Grapes have been too common in my life and were show to be okay to me as a kid. The best examples are wilting pomagranate seed still in the fleshy part of the exterior, the back of that weird sea frog after its eggs hatch out of it’s skin, and tiny, close-together holes in the dirt that worms make. Also, imagine if you stuck your finger many times in the surface of a tub of vasoline, eww.

    Now THIS fear is completely irrational. I have nightmares where I see strange textures like this and then wake up suddenly. I also watched lots of horror movies as a young kid, so I’m sure that having seen those fueled this fear, because a frequent nightmare of mine is the changing texture of flesh on some dead dude’s face. Thanks mom.

  11. @jtradke:

    When I was a kid, my brother told me that centipedes are poisonous. For a few years I believed him, then I assumed that he was just teasing like he always did, and then I found out that some centipedes actually are poisonous. Sorry, that probably made you feel worse.

  12. I am terrified of spiders, centipedes, and most nasty creepy crawlers out there. That is one reason why i’d never be able to visit Austrailia. Rollercoasters also make me pretty uncomfortable.

  13. Turbulence on airplanes. We’re cruising at ten thousand meters, and I’m perfectly fine, but we hit a patch of choppy air, and my lizard brain switches into panic mode. It’s gotten worse as I’ve gotten older, somehow.

  14. Discovery Channel pisses me off every year with Shark Week. Sharks scare the wholly living fit out of me. Walmart is running a tracfone advertisement with sharks. I’m about ready to stary screaming! I don’t go near the ocean, I don’t watch shark movies, I shouldn’t have to see them. The worst part of all, most of them have the teeth bared. I’ll freak myself out if I’m not careful, like at night, when I’m outside smoking, or when I’m in the shower. I hide my eyes whenever there’s a scene set underwater in the ocean. If I’m not prepared to talk about these animals, I call them “scary fish”.

    I’m also scared by big spyders. Small ones I can deal with. Once, I saw a scary bug in a room I was sleeping in, and I refused to go into that room again. Fortunately, I don’t have to deal with these in advertisements often, except around halloweeen. If I’m running a register, and out of the corner of my eye, I see like a web, or something, I pull back. Then, I realize, its ok, just decoration. What I hate most are the rubber imitations of animals. Once, I found one of a scary bug on one of the shelves at the walmart I work at. I refused to touch it, I had someone else get it.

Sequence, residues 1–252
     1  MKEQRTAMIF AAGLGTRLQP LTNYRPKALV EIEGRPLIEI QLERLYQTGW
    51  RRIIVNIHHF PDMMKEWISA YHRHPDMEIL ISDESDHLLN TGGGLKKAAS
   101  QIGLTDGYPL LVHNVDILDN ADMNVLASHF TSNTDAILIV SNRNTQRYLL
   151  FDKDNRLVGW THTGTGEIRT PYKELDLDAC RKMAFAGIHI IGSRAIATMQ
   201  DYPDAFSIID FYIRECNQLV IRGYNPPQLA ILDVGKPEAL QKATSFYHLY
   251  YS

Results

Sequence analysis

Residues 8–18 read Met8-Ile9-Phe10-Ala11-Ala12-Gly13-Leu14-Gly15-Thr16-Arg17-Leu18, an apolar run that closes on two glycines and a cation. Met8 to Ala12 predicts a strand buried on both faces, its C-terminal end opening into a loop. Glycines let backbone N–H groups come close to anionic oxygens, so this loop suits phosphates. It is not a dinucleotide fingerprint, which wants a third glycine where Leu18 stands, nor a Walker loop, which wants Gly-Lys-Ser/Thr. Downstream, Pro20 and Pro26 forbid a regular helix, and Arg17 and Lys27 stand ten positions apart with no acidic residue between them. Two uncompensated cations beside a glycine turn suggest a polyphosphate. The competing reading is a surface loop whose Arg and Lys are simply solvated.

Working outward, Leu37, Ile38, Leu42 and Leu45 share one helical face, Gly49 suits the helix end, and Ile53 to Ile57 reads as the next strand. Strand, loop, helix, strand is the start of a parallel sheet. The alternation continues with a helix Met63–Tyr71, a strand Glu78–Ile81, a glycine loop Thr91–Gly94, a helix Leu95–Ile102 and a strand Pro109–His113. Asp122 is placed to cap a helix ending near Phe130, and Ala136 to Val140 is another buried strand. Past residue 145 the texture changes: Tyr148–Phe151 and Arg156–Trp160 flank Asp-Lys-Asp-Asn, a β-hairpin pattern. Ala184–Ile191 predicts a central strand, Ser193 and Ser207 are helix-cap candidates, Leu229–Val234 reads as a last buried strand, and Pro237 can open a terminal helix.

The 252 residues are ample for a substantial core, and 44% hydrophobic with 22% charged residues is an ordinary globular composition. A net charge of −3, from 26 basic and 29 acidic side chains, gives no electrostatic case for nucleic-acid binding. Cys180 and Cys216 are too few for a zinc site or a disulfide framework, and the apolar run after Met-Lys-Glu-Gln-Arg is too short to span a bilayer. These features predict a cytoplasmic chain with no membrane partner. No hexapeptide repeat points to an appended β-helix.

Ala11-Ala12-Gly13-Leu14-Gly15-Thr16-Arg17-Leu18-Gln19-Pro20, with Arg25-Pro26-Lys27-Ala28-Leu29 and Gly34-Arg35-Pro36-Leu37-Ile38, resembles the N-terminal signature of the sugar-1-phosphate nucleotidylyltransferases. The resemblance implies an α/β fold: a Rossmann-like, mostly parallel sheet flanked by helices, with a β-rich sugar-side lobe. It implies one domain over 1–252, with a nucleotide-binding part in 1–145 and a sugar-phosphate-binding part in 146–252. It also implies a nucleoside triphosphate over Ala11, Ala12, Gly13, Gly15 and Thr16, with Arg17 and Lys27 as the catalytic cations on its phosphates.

Also, oddly enough, I can’t look directly up outside. If I do so, sometimes, I go into a panic attack, and unless there’s something over my head, I’m convinced I’m about to fall up.

    None of these are rational, and I’ve always been convinced that I was crazy, but I’m coming to the conclusion that I don’t have the market cornered on crazy. I’m not sure if that’s a good thing, or a bad thing.

  15. @sandra

    Textures: I have that, too. Not those exact textures, but similar ones. As a kid I used to have these weird nightmares about ropes and strings, too. I would see myself reaching out to grasp a thick rope, and instead it would feel in my fingers like the tiniest thread. The disconnect always woke me up in a cold sweat. I have been told this is a migraine symptom and also a symptom of Sensory Integration Dysfunction. I believed the migraine thing– I am a migraine sufferer — but not the SID thing, until my daughter was diagnosed with SID and complained of the same kinds of nightmares. Go figure.

    Otherwise, centipedes/millipedes have the power to send me into screaming fits. Other insects/arthropods, not so much. Just those. Yuck.

  16. @davew: I would say count me in, but that would make three members, and three is a crowd…

    My main irrational fear is any flying insects. I don’t just mean wasps and bees or anything that could sting me, I mean the lot of them – down to the smallest fly. If I see one of them in my flat I have to hunt it down until it’s gone out of the window or felt the wrath of a heavy implement of some sort.

    What really gets me the most though is moths. I hate the things. My wife tells me I literally jump out of my seat if I see one, and will sometimes even run out of the room and have to be persuaded to come back in to dispose of it.

    Speaking of flying insects – does anyone know why they’ll fly into a room through the smallest possible gap in the window, but can’t find the way out even if you’ve got every single window and door in the entire building open?

  17. Zombies aside, human fanatics give me the willies. After the shooting of Dr. Tiller, I decided that I was never going to leave Los Angeles. I am outspoken and fear that may lead to bodily harm in less liberal parts of the country.

    Hmmm…these two seem to be related. Brainless, slow-moving dangers that can not be reasoned with and will only be satisfied when they cause you to become like them.

  18. Heights and telephones.

    The strange thing is, heights is a relatively new thing. Airplanes are (and have always been) perfectly fine, but I hate tall buildings, rock ledges, etc., even if there’s a perfectly tall and sturdy railing to “support” me. It’s curious, because I used to be a climber – I’d climb rock faces with my youth adventure class, any tree that presented sufficient stepping brances…Now, I break into a cold sweat at the very thought.

  19. Women (IRL, I’m fine on-line). Damnit!